The fact is, given the rise and spread of drug-resistant bacteria, outbreaks of previously treatable infections are increasingly becoming one of our biggest global health security blind spots.

In the case of M. pneumoniae, outbreaks have since been reported in Denmark, France, Hong Kong, Indonesia and most recently in the U.S. In most cases, infection is mild and more serious cases can be treated with a class of antibiotics called macrolides. So, the sudden spike in children being hospitalized has been attributed possibly to increases in resistance to these drugs.


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31 Jan 2024, 10:12 am

This YouTube video from a couple months ago discusses the outbreak of Mycoplasma Pneumoniae that is taking place in China.

It says, "The World Health Organization is following up with China about its ongoing outbreak. One issue the agency is seeking to understand the resistance to antibiotics. The drugs are used to treat the condition caused by Mycoplasma Pneumoniae. But doctors are seeing widespread resistance to them. Because of it the pneumonia outbreak could risk foster an even bigger threat, the development of antibiotic resistant strains of a common and potentially deadly bacteria."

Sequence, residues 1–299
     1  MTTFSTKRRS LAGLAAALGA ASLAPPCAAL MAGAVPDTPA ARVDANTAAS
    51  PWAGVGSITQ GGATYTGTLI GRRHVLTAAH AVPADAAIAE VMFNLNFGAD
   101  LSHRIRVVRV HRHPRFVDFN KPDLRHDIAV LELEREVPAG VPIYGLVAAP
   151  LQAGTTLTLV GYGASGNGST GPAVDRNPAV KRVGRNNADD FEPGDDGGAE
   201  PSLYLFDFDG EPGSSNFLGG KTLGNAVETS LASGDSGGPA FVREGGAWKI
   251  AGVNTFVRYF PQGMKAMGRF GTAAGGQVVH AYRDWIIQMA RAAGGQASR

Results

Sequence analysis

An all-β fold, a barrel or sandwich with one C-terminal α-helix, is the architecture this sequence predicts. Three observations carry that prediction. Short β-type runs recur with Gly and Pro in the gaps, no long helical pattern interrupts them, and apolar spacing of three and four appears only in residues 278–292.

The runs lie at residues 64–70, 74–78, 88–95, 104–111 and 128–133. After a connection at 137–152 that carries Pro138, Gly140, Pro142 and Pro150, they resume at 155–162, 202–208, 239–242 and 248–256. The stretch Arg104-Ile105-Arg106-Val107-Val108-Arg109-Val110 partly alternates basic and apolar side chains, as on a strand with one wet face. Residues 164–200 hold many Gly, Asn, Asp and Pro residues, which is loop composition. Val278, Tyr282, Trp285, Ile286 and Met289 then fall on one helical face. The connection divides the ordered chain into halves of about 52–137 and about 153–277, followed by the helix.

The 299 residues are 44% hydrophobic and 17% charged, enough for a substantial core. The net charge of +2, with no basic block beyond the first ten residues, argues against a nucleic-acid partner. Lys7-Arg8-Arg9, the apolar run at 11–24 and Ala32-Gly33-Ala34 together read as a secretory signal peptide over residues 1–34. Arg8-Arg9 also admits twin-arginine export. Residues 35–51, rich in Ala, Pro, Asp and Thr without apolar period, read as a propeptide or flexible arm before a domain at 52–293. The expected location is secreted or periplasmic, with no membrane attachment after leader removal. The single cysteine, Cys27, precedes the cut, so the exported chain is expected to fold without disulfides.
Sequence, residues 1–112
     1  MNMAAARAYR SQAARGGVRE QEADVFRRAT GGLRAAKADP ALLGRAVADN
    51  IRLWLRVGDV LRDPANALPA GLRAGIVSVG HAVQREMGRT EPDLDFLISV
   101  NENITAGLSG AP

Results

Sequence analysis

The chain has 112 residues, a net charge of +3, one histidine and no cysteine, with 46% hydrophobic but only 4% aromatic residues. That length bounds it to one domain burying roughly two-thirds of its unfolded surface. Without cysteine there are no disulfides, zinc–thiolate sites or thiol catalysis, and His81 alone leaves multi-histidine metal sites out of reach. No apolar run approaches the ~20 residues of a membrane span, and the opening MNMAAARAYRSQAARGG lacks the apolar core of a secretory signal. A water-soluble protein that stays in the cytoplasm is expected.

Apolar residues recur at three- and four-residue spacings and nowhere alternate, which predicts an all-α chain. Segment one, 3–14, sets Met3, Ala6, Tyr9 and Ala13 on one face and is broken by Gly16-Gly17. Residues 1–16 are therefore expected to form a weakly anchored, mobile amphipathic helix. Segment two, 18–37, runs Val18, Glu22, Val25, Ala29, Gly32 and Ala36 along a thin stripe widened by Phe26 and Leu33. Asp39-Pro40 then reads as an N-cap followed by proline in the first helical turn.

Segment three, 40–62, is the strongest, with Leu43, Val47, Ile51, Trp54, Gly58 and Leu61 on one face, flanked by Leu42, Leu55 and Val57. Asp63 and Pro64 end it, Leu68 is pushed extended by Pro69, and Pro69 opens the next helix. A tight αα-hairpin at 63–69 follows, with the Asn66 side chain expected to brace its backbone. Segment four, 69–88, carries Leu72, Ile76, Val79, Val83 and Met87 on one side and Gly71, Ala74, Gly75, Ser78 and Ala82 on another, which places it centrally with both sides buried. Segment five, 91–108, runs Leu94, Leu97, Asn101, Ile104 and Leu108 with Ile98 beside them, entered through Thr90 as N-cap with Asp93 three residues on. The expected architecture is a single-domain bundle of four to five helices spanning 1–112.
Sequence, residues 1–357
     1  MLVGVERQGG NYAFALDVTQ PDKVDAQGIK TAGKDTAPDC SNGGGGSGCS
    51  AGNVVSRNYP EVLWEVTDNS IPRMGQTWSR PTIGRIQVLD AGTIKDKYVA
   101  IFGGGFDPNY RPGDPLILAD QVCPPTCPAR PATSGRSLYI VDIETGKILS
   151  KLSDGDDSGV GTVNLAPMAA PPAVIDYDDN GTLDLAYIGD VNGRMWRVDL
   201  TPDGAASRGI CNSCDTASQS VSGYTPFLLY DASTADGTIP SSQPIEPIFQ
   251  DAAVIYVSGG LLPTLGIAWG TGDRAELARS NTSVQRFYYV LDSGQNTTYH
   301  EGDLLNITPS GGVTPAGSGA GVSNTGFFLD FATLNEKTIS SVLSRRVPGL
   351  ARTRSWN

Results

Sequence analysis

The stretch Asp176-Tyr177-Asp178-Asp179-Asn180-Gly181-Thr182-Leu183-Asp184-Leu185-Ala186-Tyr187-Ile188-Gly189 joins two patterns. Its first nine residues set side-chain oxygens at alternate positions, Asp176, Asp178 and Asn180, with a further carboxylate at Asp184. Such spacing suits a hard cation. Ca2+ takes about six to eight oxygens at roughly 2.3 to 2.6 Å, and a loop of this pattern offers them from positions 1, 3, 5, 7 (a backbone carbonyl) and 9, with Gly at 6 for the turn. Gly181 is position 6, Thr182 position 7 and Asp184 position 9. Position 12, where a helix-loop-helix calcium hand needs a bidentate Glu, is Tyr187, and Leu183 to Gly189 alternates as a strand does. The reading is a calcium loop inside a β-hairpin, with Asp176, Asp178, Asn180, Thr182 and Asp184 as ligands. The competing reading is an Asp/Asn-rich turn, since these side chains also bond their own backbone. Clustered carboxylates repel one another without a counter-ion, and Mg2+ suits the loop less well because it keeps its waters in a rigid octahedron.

"Overwhelming many hospitals, infections of this Pneumonia are spreading quickly among children in China and have now even extended to adults. With medications being useless to help. Chinese reports that the request for medical care is so high that Beijing is being forced to reopen makeshift hospitals just to cope."


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01 Feb 2024, 8:59 am

Beginning on page 5 of this thread at (11 Dec 2023, 12:31 pm), I began to discuss the 4 step approach to protecting against COVID and also the current wave of Mycoplasma Pneumoniae that is currently striking young children in China.

The second step in these 4 steps is: